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Money News

What’s Causing Markets to Drop?

February 05, 2018

  • The big market drop on Friday continued on Monday
  • Rising interest rates and inflation fears prompted the sell-off
  • The sell-off may mean markets are returning to normal, after more than a year of massive gains
3 min read

Last week’s market sell-off continued on Monday, with the Dow Jones Industrial Average shedding another 1,000 points by midday.

The Dow fell 666 points on Friday, which was its largest single-day decline since June, 2016, and the sixth-largest drop in the history of the index. Other indexes, including the S&P 500 and the Nasdaq followed, both dropping about 2% as well, according to reports.

It’s been a sudden turnaround for the stock market, which has risen to record highs over the last 12 months.

So what happened? We’ll explain:

Inflation, interest rates, and employment

Interest rates are rising

The Federal Reserve, the nation’s central bank responsible for setting monetary policy, has been increasing interest rates for the past few years. It did so in twice in 2017; And it’s expected to raise rates again in 2018.

Typically the Fed decreases rates when the economy is doing poorly, as a way to increase borrowing and spending, and it increases rates when the economy is doing well, as a way to apply the breaks when it’s afraid the economy may be overheating.

We’re on track for Gross Domestic Product (GDP) growth of about 5.4% in the first quarter, after years of growth closer to 3%. Too much GDP growth can spark fears of inflation, and with it the prospect of more rate increases.

Businesses, investors, and financial experts fear that both interest rates and inflation are on the rise, which can have a negative impact on the economy and the stock market.

Good to know: An interest rate is what’s charged on a loan, including mortgages, car loans, credit cards, and bonds. Inflation is an increase in the cost of goods and services that make up segments of the economy.

We’re approaching full employment.

It may seem strange, but Friday’s market drop occurred on the same day that the U.S. Department of Labor released positive news in its monthly jobs report. In January, employers added a healthy 200,000 new jobs, and the unemployment rate fell to 4.1%, its lowest rate in 17 years, according to reports.

While that’s great news for workers, The U.S. may be approaching what’s called full employment. In simplest terms, that means everyone who wants a job, or has been looking for one, has found one and is working.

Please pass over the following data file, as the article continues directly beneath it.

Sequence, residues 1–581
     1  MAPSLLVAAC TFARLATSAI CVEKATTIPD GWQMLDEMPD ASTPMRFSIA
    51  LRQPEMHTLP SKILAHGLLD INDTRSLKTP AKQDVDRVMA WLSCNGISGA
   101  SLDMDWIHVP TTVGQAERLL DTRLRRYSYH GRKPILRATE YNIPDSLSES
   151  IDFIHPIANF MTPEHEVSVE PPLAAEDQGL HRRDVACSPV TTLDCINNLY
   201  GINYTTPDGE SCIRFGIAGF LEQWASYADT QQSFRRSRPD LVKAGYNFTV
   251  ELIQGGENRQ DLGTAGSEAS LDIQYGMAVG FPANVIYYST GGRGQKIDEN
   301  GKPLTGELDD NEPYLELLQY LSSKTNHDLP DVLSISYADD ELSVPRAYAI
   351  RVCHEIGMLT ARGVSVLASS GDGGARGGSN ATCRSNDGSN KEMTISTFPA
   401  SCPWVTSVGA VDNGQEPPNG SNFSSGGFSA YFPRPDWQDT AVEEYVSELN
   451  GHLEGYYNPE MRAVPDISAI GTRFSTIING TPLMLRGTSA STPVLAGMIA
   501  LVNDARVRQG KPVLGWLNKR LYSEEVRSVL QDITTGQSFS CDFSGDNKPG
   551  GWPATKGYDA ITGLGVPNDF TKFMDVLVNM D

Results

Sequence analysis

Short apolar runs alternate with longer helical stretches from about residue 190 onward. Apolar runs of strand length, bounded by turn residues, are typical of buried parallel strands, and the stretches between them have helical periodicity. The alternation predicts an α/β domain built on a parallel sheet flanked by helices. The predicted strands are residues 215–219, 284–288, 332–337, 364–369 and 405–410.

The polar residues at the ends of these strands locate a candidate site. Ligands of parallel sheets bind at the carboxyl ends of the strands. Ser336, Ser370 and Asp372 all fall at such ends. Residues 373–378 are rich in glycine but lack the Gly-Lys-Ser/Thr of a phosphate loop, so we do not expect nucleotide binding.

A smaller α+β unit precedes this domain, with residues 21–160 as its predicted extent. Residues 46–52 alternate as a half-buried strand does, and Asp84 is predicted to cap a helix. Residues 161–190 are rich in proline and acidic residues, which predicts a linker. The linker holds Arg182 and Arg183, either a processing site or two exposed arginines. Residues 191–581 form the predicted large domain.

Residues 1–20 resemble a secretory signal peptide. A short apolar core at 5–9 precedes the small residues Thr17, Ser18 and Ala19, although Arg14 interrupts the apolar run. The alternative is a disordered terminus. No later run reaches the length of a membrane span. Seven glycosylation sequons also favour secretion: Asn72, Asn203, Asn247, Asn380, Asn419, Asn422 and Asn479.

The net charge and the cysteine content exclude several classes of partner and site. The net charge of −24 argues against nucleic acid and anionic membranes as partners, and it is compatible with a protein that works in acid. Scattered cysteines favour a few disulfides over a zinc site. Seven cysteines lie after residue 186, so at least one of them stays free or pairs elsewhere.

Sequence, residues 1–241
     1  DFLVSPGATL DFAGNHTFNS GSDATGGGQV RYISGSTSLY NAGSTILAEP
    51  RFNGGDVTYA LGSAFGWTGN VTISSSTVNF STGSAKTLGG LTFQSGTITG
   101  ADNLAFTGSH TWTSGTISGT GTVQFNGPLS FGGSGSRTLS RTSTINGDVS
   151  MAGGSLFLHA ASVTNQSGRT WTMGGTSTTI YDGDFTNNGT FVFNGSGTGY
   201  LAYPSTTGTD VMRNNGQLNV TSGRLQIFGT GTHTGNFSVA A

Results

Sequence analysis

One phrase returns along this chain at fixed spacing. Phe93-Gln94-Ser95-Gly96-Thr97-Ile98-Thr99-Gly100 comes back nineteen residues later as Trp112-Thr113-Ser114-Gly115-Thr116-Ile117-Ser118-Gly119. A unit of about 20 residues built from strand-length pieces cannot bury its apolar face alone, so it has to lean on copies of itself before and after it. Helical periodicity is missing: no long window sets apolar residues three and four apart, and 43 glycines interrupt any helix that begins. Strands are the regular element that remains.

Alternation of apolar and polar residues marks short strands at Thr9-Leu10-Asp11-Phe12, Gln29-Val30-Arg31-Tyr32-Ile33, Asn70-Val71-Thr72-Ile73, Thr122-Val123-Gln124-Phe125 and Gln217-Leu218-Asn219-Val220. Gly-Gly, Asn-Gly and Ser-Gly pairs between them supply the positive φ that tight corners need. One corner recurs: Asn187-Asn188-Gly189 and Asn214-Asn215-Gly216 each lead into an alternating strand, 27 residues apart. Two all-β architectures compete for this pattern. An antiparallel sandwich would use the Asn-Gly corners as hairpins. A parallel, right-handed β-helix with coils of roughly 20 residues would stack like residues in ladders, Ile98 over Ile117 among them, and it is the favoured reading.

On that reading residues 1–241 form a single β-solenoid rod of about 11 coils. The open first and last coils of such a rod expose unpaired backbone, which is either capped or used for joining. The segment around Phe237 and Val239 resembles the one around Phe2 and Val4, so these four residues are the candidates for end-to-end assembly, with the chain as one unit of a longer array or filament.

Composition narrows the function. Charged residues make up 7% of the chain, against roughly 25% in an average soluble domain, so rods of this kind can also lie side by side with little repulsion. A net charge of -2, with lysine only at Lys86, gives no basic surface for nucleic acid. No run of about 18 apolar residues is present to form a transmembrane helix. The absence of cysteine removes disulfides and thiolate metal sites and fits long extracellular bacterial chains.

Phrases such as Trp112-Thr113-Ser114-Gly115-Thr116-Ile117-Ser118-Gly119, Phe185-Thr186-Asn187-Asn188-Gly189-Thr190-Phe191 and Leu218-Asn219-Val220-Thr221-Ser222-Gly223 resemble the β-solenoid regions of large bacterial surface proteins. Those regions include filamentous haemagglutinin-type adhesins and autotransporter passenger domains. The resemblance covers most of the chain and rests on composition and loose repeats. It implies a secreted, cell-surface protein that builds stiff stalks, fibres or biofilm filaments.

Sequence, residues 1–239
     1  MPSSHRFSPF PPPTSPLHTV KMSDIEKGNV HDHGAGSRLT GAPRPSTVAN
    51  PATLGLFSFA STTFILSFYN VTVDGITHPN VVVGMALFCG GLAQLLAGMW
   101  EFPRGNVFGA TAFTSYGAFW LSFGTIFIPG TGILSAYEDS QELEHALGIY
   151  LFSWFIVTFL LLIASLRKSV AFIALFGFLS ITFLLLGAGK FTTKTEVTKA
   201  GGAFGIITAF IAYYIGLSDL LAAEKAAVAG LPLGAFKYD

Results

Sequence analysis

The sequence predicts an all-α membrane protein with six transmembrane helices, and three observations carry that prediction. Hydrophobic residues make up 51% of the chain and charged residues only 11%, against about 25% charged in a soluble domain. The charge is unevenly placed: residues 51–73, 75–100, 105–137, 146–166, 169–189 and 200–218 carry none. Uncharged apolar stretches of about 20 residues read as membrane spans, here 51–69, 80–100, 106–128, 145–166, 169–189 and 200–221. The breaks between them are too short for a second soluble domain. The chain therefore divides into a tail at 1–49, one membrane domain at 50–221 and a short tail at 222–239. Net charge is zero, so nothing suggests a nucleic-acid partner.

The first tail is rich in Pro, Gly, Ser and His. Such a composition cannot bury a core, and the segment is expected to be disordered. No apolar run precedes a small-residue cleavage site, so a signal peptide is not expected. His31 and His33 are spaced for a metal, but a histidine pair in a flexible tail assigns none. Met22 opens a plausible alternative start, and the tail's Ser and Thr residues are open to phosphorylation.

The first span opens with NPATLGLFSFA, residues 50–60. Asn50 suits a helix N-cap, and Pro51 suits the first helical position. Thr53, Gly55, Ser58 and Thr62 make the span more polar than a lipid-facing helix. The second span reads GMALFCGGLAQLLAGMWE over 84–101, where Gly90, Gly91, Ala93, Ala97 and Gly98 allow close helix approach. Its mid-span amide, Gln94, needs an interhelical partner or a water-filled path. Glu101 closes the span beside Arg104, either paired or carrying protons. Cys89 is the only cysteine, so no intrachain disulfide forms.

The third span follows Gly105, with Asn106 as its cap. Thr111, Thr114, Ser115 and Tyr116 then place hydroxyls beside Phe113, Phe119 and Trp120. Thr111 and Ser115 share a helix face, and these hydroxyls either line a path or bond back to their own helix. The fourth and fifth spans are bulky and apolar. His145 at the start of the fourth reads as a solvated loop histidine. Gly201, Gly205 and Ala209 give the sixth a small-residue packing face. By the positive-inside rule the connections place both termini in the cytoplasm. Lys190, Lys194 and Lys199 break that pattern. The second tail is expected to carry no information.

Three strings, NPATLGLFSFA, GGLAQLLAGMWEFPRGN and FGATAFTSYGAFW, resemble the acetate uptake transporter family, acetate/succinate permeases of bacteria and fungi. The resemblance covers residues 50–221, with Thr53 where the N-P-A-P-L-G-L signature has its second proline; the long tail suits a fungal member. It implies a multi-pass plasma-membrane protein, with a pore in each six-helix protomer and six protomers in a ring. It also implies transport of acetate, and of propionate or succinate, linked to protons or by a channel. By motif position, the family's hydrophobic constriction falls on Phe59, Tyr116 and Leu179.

Strong employment tends to push up wages–which have increased by about 2.9% in the past year, according to reports, which can spur consumer spending. And to cope with higher wages, businesses tend to raise their prices for the goods and services that consumers rely on every day, from gasoline for their cars, to toothbrushes and grocery items. All of this increases the risk of rising inflation.

Inflation has been running at levels of less than 2% annually, which is very modest.

But rising inflation can have a negative impact on markets.

Bonds are suddenly more attractive

Bonds, which are generally considered safer investments, are essentially IOUs from a company, city, or the federal government. As the Fed has steadily increased interest rates, the yields on bonds have gone up, too. For something called the 10-year Treasury, which is issued by the U.S. government, the yield has increased to 2.85%, which is half a percentage point higher than what it was a year ago.

Generally speaking, higher yields makes bond buying attractive for some investors, so more money is leaving the stock market for the bond market.

Higher bond rates also increase costs for businesses

Businesses, in particular large public companies, issue bonds to raise money to fund operations. Increasing interest rates can make it more expensive for them to borrow money.

Rising inflation can have a negative impact on markets.

Think of it like your credit card–when the interest rate goes up, it becomes more expensive to charge the things you want or need.

Higher borrowing costs can depress stock prices for public companies.

Is a market drop a bad thing?

Not necessarily.

The current bull market is one of the longest on record. Numerous financial experts and analysts have said the run up in stock prices, and stock indexes–before today, the S&P 500 was up nearly 18% for the year*–can’t be sustained.

And the sell-off could be a sign of things returning to normal, according to some experts.

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By Brandon Krieg
Brandon Krieg is the CEO and co-founder of Stash.

*Source: Yahoo Finance, February 5, 2018

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